Politicians give their verdicts on the two governments' plan to restore devolution to Northern Ireland, including a 24 November deadline to set up a power-sharing executive.
PRIME MINISTER TONY BLAIR
"If the parties really can't find a way forward, we have to call a halt and find a different way forward.
Tony Blair says the time has come for NI parties to make a decision
So the moment comes, as we always knew it would, for the ultimate decision.
This is a framework that only works if the parties choose to use it for proof of good faith, not to themselves and their own community but to the community of the other
Above all, this is a moment to let the process be governed not by suspicion but by the faith that the other does want this to succeed.
I don't say suspicions will not still be there. Just don't let them prevail, to the exclusion of the basic truth: people do want this to work."
TAOISEACH BERTIE AHERN
I don't look at the end date of this.
Plan is "start of a process", Bertie Ahern says
In fact, I look at this as a start of a process. I do not want on 24 November to be thinking about another plan.
I would love it to happen very quickly before that date but, whenever, I hope we will see the restoration of accountable institutions in Northern Ireland with politicians back in the lead position.
Of course, because we are the custodians of the (Good Friday) agreement and have the responsibility to bring that forward, if that doesn't work we have to take responsibility.
The challenge now is to finish the job. We believe that this is possible and that is why we are here today."
DEMOCRATIC UNIONIST PARTY LEADER IAN PAISLEY
"In any talks or negotiations our decisions will be based solely on our manifesto commitments and not on anyone's definition of our mandate.
Ian Paisley says DUP will not be bullied
The DUP will not be forced, rushed or bullied into accepting any level of IRA criminality.
Currently there is no evidence that Sinn Fein/IRA will be any further advanced in giving up criminality in November.
Given the reality that there will be no executive formed for the foreseeable future the best way forward is to get working in the assembly.
Mr Paisley also condemned the Irish government's involvement in Northern Ireland.
"This part of the UK is not really a part of the UK but is a part of the UK where a foreign government has more say over Northern Ireland than the people of Northern Ireland."
SINN FEIN PRESIDENT GERRY ADAMS
The Sinn Fein leader said there were "negatives and positives" in the statement.
Plan is forward step, says Sinn Fein's Gerry Adams
"We welcome that the assembly has been brought together... we have concerns about the timeframe, about other aspects of the statement, but we think that's a good forward step.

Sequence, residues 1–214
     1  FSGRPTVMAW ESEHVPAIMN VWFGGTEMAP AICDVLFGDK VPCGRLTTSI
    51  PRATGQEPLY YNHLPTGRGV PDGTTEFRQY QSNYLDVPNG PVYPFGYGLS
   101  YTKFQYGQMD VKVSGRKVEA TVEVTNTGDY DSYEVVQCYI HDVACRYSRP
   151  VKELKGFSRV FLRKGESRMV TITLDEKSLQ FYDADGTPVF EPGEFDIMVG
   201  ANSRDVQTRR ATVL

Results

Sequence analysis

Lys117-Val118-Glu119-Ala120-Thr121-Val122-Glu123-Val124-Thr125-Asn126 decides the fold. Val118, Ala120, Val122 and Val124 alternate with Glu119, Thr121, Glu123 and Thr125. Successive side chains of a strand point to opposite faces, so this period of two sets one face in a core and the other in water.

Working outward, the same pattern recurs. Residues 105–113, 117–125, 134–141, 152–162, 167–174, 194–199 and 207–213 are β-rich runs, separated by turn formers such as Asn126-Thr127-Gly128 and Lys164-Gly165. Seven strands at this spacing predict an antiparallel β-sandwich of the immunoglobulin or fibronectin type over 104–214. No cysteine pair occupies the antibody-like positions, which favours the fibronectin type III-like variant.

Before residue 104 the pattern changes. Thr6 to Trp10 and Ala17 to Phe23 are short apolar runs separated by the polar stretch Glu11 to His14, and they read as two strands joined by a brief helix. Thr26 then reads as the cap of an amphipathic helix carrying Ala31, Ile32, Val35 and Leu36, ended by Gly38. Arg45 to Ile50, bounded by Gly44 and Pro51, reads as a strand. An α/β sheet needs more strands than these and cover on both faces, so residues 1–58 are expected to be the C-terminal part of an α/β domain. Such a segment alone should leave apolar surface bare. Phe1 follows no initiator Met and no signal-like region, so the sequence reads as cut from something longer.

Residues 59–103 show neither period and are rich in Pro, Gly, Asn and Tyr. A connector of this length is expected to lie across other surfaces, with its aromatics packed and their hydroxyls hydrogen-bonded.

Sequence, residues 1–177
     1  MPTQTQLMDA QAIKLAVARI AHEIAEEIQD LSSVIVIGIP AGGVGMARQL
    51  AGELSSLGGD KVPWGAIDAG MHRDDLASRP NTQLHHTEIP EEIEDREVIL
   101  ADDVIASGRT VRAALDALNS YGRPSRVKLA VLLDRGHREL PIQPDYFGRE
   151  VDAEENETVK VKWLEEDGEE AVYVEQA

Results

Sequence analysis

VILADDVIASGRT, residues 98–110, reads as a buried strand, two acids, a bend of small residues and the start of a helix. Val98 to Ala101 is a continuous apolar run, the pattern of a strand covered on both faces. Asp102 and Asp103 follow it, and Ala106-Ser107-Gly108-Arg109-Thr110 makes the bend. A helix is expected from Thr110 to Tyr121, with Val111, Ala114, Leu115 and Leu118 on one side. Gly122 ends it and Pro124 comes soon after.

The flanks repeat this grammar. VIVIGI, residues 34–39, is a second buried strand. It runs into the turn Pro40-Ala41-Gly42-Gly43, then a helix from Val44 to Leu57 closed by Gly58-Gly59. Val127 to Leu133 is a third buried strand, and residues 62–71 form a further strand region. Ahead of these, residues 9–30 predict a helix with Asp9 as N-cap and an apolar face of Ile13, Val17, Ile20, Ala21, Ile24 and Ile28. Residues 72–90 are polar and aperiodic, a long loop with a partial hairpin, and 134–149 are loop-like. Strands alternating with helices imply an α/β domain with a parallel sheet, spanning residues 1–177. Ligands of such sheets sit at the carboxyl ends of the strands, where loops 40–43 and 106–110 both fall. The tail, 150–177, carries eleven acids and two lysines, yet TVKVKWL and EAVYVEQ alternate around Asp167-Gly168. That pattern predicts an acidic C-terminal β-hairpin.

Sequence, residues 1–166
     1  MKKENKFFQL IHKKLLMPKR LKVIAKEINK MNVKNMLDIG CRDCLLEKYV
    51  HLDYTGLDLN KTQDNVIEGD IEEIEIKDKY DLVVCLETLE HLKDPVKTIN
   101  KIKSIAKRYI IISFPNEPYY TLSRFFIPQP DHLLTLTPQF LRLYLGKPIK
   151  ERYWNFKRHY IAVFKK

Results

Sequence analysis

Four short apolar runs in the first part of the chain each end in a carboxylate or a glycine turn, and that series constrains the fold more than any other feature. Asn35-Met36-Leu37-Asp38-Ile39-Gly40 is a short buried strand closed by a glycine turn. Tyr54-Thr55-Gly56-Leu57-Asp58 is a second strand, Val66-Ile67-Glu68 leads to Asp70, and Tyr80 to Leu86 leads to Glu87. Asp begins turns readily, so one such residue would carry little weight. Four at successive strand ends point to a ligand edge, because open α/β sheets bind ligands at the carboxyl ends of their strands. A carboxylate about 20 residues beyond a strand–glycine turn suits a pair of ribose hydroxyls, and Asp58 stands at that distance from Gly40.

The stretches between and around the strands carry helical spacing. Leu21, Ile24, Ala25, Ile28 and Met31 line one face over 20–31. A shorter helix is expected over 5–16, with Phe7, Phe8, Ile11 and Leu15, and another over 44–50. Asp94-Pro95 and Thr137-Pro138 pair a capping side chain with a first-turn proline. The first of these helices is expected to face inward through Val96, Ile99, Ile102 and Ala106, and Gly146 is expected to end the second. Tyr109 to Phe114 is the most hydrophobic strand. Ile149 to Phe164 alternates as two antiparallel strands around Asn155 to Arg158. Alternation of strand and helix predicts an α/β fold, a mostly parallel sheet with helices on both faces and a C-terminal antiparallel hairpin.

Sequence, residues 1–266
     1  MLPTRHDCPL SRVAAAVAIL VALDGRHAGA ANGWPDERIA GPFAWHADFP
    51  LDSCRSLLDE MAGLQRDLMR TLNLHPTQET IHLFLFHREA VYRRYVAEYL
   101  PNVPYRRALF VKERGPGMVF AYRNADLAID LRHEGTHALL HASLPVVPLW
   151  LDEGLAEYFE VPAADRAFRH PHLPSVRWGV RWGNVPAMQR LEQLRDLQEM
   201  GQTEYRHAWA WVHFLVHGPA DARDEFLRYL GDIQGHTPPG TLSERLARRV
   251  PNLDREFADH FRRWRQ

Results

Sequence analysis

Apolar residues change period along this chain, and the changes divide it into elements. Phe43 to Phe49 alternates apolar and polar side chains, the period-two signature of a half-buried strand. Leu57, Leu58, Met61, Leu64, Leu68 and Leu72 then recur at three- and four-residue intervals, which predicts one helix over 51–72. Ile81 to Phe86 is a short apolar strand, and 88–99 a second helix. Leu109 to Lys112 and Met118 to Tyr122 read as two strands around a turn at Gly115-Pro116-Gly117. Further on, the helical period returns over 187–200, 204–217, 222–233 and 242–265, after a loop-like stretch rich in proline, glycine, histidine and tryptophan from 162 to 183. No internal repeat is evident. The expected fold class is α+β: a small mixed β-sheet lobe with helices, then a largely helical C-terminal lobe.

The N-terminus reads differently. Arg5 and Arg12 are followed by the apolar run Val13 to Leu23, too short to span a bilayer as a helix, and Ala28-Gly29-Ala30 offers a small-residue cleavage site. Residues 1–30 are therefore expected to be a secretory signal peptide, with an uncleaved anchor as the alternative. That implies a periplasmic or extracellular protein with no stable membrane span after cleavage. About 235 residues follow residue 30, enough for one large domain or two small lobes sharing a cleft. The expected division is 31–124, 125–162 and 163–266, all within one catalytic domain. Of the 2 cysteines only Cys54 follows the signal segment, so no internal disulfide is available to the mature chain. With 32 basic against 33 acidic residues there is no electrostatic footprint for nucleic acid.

We would like to think that unionism generally would see it as a positive opportunity.
I appeal to Unionism to seize this opportunity.
It is about a shared future for all the people on this island.
It appears that they (the two governments) are saying to the DUP `if you don't come on board we are going to go ahead without you'."
ULSTER UNIONIST LEADER SIR REG EMPEY
Sir Reg said he welcomed the recall of the assembly.
"We urgently need to have an input into, and make changes to, direct rule decisions on education, water rates and the Review of Public Administration to name but three. This is our job.
He also criticised the DUP.
"We have been told by the Democratic Unionist Party that the Belfast agreement was binned, consigned to the dustbin of history.
Looking and listening to today's press conference it didn't look binned to me. It's actually back centre stage.
"The governments are saying they're going to implement it or at least those parts of it over which they have control, whether or not this assembly works again."
SDLP LEADER MARK DURKAN
"All we have today is an 11 paragraph announcement that tells us less rather than more. That's why the SDLP will need to see the legislation that follows it. It may be better - or indeed worse.
SDLP leader Mark Durkan has concerns about blueprint
We will be urging the Irish government to ensure that the British government does not abuse its powers in that legislation.
In particular, we are concerned that the secretary of state will still seek in that legislation a power to change the Good Friday Agreement at will. People should be clear about where all these difficulties about a shadow assembly have come from.
A shadow assembly was agreed between the DUP and Sinn Fein in 2004 in the so called comprehensive agreement. We are still living with the damage caused by that bad deal."
ALLIANCE PARTY LEADER DAVID FORD
"Today's statement is all about structures.
The governments have not paid attention to the wider social issues, most obviously segregated public services, which are dividing our society and creating conditions for instability and stagnation."
SHADOW NORTHERN IRELAND SECRETARY DAVID LIDINGTON
"The greatest responsibility for progress now rests with the republican movement to end all criminal activities and to support the police.
Without both of these, we believe it would be unacceptable to have Sinn Fein ministers in government in a part of our country.
If by the autumn power-sharing has still not proved possible we would oppose any further greening of direct rule or moves towards joint authority between London and Dublin which would be a complete breach of the Good Friday Agreement."